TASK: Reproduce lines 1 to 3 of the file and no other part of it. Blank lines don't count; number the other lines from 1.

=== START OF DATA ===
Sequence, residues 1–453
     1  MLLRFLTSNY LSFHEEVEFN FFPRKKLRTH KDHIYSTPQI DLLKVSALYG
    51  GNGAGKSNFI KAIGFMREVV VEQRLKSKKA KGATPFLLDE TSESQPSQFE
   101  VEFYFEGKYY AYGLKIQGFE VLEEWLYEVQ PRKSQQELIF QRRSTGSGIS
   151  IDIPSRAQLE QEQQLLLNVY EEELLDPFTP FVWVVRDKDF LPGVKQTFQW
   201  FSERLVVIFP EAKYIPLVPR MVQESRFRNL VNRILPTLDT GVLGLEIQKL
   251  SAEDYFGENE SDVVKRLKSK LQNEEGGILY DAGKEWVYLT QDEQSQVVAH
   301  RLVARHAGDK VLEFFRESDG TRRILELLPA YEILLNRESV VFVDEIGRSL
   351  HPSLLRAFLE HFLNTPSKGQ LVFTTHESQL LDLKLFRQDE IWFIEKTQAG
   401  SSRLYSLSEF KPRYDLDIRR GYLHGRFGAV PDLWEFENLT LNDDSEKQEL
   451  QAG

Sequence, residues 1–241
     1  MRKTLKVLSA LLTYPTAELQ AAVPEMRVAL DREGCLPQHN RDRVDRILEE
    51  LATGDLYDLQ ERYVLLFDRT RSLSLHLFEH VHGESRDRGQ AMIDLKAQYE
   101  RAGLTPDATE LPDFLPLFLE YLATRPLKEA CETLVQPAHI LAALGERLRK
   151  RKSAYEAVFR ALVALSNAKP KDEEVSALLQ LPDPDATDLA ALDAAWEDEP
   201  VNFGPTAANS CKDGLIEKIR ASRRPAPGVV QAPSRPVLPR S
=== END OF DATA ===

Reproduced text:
Sequence, residues 1–453
     1  MLLRFLTSNY LSFHEEVEFN FFPRKKLRTH KDHIYSTPQI DLLKVSALYG
    51  GNGAGKSNFI KAIGFMREVV VEQRLKSKKA KGATPFLLDE TSESQPSQFE